Obama promised 'more flexibility' with Russia after his reelection. But President Putin is pursuing a foreign policy agenda that is increasingly critical of the US.
The controversial "reset" of relations introduced by President Obama early in his first term has run its course, most Russian experts say, leaving few lasting achievements behind.
And despite Obama's pledge to show the Russians "more flexibility" on the thorny issue of missile defense – captured by an open mic at a meeting in Seoul earlier this year – nobody in Moscow is expressing much hope for a breakthrough in the increasingly acrimonious relationship during Obama's second term.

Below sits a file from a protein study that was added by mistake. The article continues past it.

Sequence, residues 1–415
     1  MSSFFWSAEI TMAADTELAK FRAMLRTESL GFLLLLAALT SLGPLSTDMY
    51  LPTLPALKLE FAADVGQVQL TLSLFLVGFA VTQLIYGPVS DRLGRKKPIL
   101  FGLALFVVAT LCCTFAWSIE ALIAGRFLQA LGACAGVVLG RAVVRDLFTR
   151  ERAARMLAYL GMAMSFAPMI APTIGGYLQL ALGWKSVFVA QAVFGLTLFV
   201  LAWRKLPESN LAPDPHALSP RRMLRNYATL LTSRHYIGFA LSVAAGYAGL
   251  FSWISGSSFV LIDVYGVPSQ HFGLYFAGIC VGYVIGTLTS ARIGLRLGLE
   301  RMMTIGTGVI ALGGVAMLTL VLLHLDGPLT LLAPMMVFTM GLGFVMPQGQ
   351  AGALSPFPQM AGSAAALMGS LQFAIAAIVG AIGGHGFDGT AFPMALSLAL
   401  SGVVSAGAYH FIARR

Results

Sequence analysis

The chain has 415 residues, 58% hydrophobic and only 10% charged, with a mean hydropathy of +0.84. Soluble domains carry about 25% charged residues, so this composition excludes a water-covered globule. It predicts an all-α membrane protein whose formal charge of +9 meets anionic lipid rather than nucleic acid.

"We have learned from that failed attempt by Obama to introduce a reset in our relations that there is room for improvement. And there was some, but it was very limited," says Viktor Kremeniuk, deputy director of the official Institute of USA-Canada Studies in Moscow, and one of Moscow's premier experts on America-Russia ties.
"Of course [Mitt] Romney's remarks, calling Russia the No. 1 geopolitical foe of the US, alarmed many of us," he says. "But things have deteriorated badly in reality under Obama.... After all this, many of my colleagues and I had already come around to the view that not much would change after the election, regardless of which candidate won.
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